Arnold Dreyblatt & Crash Ensemble

edited June 23 in Classical
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Crash Ensemble performs Arnold Dreyblatt's Resonant Relations & twentyfive chords in twentyfive in ninety four variations - (Cantaloupe 2008)
Arnold Dreyblatt:
(b. New York City, 1953) is an American composer and visual artist. He studied music with Pauline Oliveros, La Monte Young, Alvin Lucier and media art with Steina and Woody Vasulka. He has been based in Berlin, Germany since 1984. In 2007, he was elected to the German Academy of Art (Akademie der Künste, Berlin).[1]

In his installations, performances and media works, Dreyblatt creates complex textual and spatial metaphors for memory which function as a media discourse on recollection and the archive. His installations, public artworks and performances have been exhibited and staged extensively in Europe. "Dreyblatt's project, maintains its edge--and its importance for the rethinking of identity, history, culture, and memory--by refusing to retreat from or transcend... ...public, archival traces." - Jeffrey Wallen, Hampshire College.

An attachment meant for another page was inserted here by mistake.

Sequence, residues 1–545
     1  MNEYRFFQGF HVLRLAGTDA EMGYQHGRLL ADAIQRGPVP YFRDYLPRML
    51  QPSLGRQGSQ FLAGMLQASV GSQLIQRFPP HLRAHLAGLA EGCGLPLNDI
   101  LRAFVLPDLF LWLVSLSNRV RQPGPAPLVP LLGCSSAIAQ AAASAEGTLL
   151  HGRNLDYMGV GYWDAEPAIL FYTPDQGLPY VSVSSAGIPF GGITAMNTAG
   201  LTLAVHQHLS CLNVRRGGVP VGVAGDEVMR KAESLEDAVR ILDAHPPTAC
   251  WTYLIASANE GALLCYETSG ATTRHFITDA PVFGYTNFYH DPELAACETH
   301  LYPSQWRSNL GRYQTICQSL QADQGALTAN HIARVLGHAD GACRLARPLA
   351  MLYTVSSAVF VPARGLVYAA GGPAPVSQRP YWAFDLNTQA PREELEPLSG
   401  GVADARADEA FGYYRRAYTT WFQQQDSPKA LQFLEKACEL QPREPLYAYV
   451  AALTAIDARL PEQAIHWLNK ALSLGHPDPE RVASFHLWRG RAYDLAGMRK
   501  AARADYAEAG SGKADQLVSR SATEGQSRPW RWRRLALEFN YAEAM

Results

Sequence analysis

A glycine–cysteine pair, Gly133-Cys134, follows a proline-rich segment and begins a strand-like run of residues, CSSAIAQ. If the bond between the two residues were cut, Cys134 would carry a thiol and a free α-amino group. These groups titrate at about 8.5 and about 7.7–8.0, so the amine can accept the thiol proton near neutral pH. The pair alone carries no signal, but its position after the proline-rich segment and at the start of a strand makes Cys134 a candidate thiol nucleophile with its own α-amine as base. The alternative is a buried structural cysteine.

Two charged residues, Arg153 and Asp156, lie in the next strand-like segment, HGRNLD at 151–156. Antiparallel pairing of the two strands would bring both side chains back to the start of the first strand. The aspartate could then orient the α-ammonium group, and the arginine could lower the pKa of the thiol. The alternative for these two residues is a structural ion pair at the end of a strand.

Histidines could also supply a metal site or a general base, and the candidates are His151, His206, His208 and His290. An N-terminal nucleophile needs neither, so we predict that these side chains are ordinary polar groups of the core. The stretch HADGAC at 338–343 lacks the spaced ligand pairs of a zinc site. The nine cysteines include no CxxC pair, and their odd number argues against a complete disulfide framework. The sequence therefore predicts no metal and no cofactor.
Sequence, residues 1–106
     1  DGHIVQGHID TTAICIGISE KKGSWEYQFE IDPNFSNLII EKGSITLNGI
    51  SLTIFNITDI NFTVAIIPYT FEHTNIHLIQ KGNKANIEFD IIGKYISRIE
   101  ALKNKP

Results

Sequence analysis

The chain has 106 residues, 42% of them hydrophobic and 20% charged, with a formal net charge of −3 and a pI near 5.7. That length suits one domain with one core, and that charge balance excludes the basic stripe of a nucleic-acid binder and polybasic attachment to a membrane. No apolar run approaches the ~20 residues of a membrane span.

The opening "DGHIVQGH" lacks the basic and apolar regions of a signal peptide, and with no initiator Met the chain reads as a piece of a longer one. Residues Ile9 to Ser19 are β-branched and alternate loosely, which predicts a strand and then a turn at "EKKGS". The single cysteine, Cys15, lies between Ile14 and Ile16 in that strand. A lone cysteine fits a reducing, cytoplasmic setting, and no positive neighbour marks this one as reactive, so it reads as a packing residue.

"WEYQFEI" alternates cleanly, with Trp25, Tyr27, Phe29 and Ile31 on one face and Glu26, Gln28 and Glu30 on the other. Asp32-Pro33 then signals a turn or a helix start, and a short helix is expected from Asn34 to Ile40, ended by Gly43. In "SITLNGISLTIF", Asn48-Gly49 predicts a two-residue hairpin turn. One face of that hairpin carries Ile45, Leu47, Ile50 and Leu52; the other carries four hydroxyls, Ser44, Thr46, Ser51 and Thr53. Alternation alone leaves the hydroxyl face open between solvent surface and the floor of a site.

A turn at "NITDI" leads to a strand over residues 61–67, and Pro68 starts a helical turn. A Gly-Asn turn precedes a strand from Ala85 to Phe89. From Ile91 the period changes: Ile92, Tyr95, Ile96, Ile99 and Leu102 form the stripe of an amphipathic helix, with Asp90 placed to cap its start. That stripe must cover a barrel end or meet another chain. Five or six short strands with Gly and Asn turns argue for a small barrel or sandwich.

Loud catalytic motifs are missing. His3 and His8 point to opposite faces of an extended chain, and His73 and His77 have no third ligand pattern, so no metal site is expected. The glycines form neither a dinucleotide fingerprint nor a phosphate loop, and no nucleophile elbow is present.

Among the second generation of New York minimal composers, Arnold Dreyblatt has developed a unique approach to composition and music performance. He has invented a set of new and original instruments, performance techniques, and a system of tuning. His compositions are based on harmonics, and thus just intonation, played either through a bowing technique he developed for his modified bass, and other modified and conventional instruments which he specially tuned. He originally used a steady pulse provided by the bowing motion on his bass (placing his music in the minimal category), but he eventually added many more instruments and more rhythmic variety.

In 1998 he was awarded a grant from the Foundation for Contemporary Arts Grants to Artists Award.
- Wiki
Arnold Dreyblatt

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Crash Ensemble:
- is an Irish new music ensemble, founded in 1997 by composer Donnacha Dennehy, conductor and pianist Andrew Synott and clarinettist Michael Seaver. It played its first concert in Dublin in 1997. It currently consists of 11 performers and the conductor Alan Pierson, under the artistic direction of Dennehy, as well as using video, lighting and sound amplification as an integral part of the project.